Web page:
There’s another aspect of being the “chosen commuter” that Snob seems to point to as an opportunity. As the perceived enemy of both, cyclists have a chance to step above that self-propagating label and become a unifying factor in the human drive to get from A to B without getting killed. By following a few simple rules (some practical, some law), everyone can get along. As cyclists, the more we enjoy the way in which we’re getting from A to B (riding can be immensely satisfying and enjoyable), the more that will rub off on the people who are around us. I make a habit of making sure there’s enough room for cars to turn right beside me if I’m stopped at light – it can be that simple!
Some of the more depressing aspects of the book highlight some disturbing trends in bicycle advocacy. First, advocacy is one of the cycling habits that make you look like a jerk. Critical Mass is not making a point and raising awareness for cyclist rights, it is just getting in the way and pissing everyone who’s not on a bike off. Some constituencies and neighborhoods are pushing out cyclists through special interest, which really reminded me of this article I read on the Bicycling website about a school that banned riding to school. Bike Snob’s breakdown of bicycle infrastructure improvement followed by that infrastructure’s removal and a “crackdown on cyclists” in New York was particularly bizarre.
By far the most trying tale in the book was his own personal account of the day of the twin-tower disaster on 9/11. His wife at the time, stuck downtown in her car because of the disaster, was cut off from moving. The only way he could get to her was with his bike, which he didn’t even think twice about at the time – it was just the thing to do.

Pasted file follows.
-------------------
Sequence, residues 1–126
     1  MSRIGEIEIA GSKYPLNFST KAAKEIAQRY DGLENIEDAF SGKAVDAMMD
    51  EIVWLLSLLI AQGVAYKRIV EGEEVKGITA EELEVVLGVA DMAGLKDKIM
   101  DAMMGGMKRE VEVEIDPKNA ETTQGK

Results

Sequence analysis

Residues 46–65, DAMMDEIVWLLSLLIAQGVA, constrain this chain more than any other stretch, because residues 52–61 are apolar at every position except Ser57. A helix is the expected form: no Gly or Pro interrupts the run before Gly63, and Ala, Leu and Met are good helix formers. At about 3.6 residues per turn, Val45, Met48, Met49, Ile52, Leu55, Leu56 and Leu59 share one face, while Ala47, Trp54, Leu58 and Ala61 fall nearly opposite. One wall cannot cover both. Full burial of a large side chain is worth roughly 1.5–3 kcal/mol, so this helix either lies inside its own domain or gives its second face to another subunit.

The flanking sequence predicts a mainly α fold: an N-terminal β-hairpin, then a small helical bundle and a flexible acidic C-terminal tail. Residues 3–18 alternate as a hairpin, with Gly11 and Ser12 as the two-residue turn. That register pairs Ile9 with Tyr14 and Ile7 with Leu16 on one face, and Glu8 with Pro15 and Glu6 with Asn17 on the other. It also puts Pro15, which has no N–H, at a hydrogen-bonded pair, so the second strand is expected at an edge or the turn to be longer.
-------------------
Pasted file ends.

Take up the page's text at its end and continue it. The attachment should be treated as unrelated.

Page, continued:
To me, there’s a real balance about all of this, and it seems that it’s the perspective that Bike Snob writes from. You are not going to get more people cycling by banning cars. Similarly, you are not going to get rid of cars by banning cars; our cities are not designed for it. Bikes and cars are going to coexist, no matter how many gentrified hipsters ride fixies in a parade, blocking traffic to exercise their rights as commuters. The book talks about the bad things cyclists do, and the bad things that drivers do. It also talks about the assumptions cyclists have about cars, and the assumptions cars have about cyclists. Really, it’s an awareness thing.
All of Bike Snob’s points get tied back to what he calls the “Dachsund of time,” a time scale that places different eras of human commuting along a line from the tail to the snout of a cute little dachsund. It’s that kind of ridiculous out-of-nowhere analogy that makes the Bike Snob so entertaining. At times scathing, at times insightful, and at times humorous, Bike Snob deconstructs commuting by all modes of transport and makes any of the prejudices you have about other forms of commuting seem irrelevant.
I enjoyed this book, but not as much as his first book. Still, the writing style appeals, and his analogies are just downright hilarious. The first book is almost required before reading this one, as he sets the stage for some language and terminology that he uses throughout. Heck, he uses the terminology on a regular basis on his blog, and I’m still not entirely sure what a “Fred” is, only that I don’t want to be one, and that I certainly don’t want to be Mario Cippolini. While you are enthusiastically awaiting the day when Cat 6 racing becomes a reality and you wear a number when you leave work to jump on your bike, let this book tie you over, good stuff.